Indications, techniques, and outcomes of posterior surgery for chronic low back pain

Orthop Clin North Am. 2003 Apr;34(2):297-308. doi: 10.1016/s0030-5898(03)00014-2.


This article summarizes a number of issues surrounding the diagnosis, indications, and techniques of posterior lumbar spine surgery for chronic low back pain. It would not be entirely unjustified for a spine surgeon to adhere to a totally avoidant approach to chronic low back pain, rationalized by a reasonably legitimate nihilism regarding the presently available means of diagnosing and surgically managing low back pain [64]. Judging by the number of lumbar fusions performed in North America and the tremendous intellectual and financial investment currently being made in technologies to enhance spinal fusion, such an approach is evidently not achieving wide-spread acceptance on this continent. A rationale approach is therefore required for the many low back pain sufferers with degenerative disk disease who arrive in the office having exhausted almost every imaginable form of nonoperative therapy. Every effort should be made to establish a pathoanatomic etiology of the back pain with a combination of diagnostic modalities. Surgical intervention should be approached cautiously and only after extensive dialog with the patient to establish realistic goals and expectations. Posteriorly performed interbody fusion procedures may provide a high fusion rate and satisfactory clinical outcomes for this challenging problem, although further research is necessary to determine more conclusively the role of surgery and the relative effectiveness of the various arthrodesis techniques.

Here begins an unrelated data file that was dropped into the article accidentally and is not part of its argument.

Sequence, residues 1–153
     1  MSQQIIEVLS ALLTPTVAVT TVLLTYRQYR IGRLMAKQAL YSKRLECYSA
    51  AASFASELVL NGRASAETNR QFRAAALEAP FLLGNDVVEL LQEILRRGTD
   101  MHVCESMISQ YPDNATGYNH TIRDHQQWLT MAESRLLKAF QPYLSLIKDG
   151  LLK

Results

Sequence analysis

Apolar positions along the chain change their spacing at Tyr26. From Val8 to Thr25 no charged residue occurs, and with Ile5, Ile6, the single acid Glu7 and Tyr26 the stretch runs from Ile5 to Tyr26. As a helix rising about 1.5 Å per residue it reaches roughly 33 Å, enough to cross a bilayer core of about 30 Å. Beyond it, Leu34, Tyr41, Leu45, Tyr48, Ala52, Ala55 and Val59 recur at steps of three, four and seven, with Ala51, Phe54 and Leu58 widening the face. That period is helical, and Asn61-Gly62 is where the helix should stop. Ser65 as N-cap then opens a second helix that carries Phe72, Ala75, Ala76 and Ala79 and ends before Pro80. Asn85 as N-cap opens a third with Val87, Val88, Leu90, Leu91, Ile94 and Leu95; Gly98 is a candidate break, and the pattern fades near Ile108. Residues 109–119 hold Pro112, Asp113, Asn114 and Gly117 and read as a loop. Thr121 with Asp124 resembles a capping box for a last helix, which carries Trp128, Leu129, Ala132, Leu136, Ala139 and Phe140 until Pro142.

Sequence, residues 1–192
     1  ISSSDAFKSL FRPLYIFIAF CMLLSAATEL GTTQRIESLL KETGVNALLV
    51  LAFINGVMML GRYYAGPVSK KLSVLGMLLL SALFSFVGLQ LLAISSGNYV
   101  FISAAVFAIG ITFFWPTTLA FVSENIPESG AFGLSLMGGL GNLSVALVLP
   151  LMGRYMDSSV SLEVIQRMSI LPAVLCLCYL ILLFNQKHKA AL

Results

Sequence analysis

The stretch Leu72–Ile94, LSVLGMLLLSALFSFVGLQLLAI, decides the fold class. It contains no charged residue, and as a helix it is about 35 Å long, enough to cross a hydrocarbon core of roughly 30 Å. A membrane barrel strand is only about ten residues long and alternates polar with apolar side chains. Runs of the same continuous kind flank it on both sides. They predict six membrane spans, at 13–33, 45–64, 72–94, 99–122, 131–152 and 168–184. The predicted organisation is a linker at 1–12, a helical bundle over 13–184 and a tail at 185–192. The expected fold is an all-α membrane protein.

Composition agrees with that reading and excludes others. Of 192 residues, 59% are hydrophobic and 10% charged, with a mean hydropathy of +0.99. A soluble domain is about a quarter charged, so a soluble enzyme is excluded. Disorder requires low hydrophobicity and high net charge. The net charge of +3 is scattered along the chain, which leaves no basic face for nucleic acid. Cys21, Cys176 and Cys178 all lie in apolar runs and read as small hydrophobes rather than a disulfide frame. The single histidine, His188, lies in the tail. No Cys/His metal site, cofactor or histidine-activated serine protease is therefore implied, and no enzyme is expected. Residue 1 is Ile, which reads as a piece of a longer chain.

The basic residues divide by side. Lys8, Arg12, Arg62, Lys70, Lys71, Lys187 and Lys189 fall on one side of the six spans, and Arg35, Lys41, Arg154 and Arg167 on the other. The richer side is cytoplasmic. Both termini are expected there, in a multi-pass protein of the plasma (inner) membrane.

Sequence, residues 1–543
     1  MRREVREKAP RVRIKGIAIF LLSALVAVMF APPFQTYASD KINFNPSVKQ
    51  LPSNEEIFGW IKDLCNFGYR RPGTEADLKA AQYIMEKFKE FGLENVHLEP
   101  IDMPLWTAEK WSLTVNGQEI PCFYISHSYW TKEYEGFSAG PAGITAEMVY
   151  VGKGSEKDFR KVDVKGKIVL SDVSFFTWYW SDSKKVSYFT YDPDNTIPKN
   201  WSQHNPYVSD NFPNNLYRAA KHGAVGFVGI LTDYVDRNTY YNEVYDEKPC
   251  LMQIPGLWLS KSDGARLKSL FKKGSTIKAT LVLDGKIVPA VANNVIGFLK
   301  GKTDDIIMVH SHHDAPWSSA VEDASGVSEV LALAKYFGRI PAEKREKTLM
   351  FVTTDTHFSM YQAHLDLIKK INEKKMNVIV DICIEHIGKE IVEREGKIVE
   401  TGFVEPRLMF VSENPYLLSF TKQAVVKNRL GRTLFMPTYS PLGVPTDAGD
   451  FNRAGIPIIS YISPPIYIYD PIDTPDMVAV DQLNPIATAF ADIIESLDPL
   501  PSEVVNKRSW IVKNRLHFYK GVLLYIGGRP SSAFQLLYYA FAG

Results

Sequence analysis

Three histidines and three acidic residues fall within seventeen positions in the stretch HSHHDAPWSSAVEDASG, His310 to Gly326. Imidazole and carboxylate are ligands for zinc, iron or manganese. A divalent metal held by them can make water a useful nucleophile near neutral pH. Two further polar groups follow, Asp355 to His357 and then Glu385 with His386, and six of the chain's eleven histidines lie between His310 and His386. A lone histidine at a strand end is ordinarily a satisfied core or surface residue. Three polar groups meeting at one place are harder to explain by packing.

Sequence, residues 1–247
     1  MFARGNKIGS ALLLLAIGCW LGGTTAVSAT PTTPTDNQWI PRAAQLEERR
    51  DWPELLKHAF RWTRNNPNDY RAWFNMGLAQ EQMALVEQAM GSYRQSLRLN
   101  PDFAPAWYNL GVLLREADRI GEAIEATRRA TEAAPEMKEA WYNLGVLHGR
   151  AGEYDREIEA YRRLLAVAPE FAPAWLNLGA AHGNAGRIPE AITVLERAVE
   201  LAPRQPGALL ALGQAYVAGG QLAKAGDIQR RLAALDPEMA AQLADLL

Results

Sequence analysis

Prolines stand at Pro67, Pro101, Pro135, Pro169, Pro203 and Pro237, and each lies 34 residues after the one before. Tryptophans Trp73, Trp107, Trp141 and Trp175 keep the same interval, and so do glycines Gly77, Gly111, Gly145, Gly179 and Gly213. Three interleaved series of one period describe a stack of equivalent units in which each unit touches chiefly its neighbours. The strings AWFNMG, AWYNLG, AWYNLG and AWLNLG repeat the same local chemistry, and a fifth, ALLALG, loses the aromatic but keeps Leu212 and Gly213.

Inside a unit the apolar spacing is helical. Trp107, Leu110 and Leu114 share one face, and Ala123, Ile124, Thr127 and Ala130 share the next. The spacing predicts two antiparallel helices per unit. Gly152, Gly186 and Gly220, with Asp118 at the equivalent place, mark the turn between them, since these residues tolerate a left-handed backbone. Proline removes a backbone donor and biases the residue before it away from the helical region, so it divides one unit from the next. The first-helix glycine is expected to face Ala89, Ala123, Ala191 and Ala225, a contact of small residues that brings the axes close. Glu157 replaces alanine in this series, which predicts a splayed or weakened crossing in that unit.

Publication types

  • Review

MeSH terms

  • Chronic Disease
  • Humans
  • Low Back Pain / diagnosis*
  • Low Back Pain / surgery*
  • Orthopedic Procedures*
  • Outcome Assessment, Health Care*
  • Patient Selection